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Feb 10, 2008 02:34 PM

new to portobello mushrooms

just bought a couple yesterday and never used them before so looking for some easy ways to start adding them into my menus. Any suggestions would be appreciated, thanks! Also, how do I store them, right now they are on the counter uncovered...

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  1. I store them in the crisper in a brown paper bag. Seems to work well to keep them fresh. If you have access to a grill or grill pan I usually like to marinate them briefly in some olive oil and balsamic and grill them whole. You can slice if you like and use as a side dish or make a veggie burger out of them. Also good marinated with olive oil and soy sauce. Basically, anything you might use regular mushrooms for will be ten times better if you use portobellos. I also saute them sliced with some chopped garlic and (again) oilive oil, salt and pepper and they are divine. They really do stand on their own well.

    1. The S.F. Chronicle had a great recipe for a sandwich or burger.

      Grill the portobellos, along with onion slices and tomato slices if you can find any decent ones -- on a grill pan if you don't want to grill outside this time of year. Mix together tapenade, capers, mayo and a little lemon juice and minced garlic. Toast the buns, spread with the mixture, add the grilled veggies, and some lettuce.

      They say to add cheese slices, but I never do. Be aware that the mushrooms will release water before they start to brown.

      1 Reply
      1. re: Glencora

        My favourite variant is to treat them exactly as though they were a burger or thin steak for a sandwich. Same bread, same accompaniements, etc - whatever is your preference.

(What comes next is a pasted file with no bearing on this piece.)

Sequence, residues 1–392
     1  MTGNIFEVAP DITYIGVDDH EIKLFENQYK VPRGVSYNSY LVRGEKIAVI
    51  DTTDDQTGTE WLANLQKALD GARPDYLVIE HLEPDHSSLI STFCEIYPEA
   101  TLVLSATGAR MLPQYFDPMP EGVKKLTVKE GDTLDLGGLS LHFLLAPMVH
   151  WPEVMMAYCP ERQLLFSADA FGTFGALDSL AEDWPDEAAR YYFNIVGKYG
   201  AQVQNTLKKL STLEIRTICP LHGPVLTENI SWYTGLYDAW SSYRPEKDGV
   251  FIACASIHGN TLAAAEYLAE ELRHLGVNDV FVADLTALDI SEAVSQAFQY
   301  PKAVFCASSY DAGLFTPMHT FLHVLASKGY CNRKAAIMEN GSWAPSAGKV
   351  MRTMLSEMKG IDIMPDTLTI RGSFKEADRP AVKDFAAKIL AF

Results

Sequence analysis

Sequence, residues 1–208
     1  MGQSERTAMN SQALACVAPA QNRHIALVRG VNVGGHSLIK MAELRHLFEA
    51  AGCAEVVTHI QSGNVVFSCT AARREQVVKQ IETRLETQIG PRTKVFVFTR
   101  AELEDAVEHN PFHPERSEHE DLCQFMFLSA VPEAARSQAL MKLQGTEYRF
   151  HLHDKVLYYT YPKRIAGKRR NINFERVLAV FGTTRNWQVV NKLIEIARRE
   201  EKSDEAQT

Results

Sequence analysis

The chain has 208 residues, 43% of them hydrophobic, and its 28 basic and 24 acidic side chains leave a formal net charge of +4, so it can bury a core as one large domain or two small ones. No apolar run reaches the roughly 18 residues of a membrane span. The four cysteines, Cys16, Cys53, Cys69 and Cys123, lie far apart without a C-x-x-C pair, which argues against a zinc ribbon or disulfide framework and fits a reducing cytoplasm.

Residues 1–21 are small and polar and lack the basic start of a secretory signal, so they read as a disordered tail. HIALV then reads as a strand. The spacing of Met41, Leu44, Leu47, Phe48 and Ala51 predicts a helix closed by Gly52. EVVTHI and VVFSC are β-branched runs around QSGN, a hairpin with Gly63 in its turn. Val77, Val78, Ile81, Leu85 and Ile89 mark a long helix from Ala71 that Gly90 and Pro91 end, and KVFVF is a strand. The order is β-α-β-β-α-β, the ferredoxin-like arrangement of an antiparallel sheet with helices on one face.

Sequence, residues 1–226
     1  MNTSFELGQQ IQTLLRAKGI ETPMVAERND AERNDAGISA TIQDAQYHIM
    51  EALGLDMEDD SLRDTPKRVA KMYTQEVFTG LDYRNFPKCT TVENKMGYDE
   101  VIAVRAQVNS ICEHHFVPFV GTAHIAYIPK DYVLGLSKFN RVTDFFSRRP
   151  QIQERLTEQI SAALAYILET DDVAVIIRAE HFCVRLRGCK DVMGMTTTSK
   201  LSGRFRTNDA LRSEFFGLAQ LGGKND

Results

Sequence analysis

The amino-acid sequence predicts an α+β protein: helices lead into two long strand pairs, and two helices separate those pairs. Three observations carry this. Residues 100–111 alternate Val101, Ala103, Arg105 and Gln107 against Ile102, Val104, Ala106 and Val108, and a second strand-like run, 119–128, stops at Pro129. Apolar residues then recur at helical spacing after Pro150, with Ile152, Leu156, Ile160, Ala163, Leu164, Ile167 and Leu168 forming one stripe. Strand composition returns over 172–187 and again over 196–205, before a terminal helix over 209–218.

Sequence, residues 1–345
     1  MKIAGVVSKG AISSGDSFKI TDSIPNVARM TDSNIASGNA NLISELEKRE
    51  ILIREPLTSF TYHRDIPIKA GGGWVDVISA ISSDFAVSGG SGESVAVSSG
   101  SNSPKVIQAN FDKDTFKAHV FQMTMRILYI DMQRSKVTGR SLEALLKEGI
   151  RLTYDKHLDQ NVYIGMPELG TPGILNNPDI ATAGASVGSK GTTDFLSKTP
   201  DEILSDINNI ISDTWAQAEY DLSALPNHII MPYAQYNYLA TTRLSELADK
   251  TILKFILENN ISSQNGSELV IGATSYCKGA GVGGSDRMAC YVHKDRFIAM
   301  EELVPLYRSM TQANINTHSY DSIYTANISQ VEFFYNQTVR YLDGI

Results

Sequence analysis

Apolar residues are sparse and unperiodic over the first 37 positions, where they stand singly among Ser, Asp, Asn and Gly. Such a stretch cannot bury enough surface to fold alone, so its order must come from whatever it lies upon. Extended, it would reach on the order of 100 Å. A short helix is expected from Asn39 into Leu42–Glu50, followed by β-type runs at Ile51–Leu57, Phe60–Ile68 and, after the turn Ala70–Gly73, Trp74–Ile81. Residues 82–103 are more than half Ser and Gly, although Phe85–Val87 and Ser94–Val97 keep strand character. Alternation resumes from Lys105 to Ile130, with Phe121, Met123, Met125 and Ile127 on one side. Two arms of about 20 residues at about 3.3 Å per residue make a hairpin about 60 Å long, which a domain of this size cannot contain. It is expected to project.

I particularly like them as a breakfast sandwich - lots of ketchup (or, as I'm British, HP Brown Sauce)

      2. Make sure you remove the brown gills from underneath the cap; otherwise, whatever you make will be an unappealing brown color. I use a melon baller for this purpose, and wear plastic gloves to keep my hands clean.

        I like to brush them w/olive oil, roast them in a hot oven, and then make a roasted veggie sandwich. Use a good whole wheat or foccaccia bread, add some roasted red onion, eggplant, maybe some sauteed spinach, and cheese of your choice (provolone, muenster, buffalo mozzarella, or goat cheese) and pesto.

        3 Replies
        1. re: rednails

          so I should toss stem and gills or are they good for throwing in soups, etc...where I don't care about color? thanks for the tips. and i'm a wipe/not wash my mushrooms type of person so assuming this will work for these as well?

          1. re: geminigirl

            I always leave the gills intact, however if you choose to remove them, toss them. The stem can be used in soups, stews, etc. Most def. WIPE not wash with a damp cloth or paper towel.

            1. re: diablo

              There's nothing wrong with the gills except it'll make something you mix them take on their brown tinge-- for example, you might want to remove them if you are mixing them into a pasta dish. But if you are grilling them it won't matter.

              There's absolutely nothing wrong with washing mushrooms under running water. That they somehow absorb water this way or otherwise are harmed has been disproven over and over agina and a kitchen myth. Don't soak them, though.

        2. I add olive oil, garlic and grill whole or sliced. They pick up a lot of flavor. I don't remove gills, but I do find that when added to certain dishes they do impart a dark color. So maybe if adding to a cream sauce. Sage, of course, is a mushroom's best friend.

          1. One of my very favorite ways to prepare them is in Mushroom Parmesan.
            Very easy -- basically a veal parmesan substituting a mushroom for the veal.